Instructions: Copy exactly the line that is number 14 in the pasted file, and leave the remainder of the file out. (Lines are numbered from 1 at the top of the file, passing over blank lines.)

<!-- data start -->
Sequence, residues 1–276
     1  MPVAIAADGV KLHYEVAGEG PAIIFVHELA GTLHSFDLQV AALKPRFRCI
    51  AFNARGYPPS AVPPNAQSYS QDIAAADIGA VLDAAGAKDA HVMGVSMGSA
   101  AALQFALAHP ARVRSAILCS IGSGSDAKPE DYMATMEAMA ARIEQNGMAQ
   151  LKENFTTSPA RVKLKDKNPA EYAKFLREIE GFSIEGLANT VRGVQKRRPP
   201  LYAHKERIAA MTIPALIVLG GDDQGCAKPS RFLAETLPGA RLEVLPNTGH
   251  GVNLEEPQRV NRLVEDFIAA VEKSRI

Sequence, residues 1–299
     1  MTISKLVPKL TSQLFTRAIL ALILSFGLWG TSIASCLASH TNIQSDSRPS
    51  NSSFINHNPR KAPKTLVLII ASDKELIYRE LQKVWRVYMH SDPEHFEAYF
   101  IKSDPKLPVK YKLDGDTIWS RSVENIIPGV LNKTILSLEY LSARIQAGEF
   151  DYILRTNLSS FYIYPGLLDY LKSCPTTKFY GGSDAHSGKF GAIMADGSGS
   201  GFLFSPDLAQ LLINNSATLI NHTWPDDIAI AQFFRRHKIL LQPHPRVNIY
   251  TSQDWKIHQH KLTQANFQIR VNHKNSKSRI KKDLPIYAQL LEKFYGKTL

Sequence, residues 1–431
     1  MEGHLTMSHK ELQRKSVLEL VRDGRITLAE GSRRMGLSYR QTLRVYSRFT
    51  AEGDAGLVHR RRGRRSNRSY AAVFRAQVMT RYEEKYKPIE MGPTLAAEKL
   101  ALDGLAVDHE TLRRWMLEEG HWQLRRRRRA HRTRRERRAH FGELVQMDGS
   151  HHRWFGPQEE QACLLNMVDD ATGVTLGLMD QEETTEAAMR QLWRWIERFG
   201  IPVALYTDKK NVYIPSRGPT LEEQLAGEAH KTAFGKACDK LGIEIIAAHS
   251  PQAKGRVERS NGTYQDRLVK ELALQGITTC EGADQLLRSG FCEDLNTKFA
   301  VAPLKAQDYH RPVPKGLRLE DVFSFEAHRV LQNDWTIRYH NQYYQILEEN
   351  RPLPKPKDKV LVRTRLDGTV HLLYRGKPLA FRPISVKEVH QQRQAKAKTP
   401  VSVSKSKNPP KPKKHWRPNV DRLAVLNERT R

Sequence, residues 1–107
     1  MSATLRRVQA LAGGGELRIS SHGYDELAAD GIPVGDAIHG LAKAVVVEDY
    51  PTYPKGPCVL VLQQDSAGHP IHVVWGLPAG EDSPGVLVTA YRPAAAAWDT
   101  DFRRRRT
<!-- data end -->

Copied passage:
   251  TSQDWKIHQH KLTQANFQIR VNHKNSKSRI KKDLPIYAQL LEKFYGKTL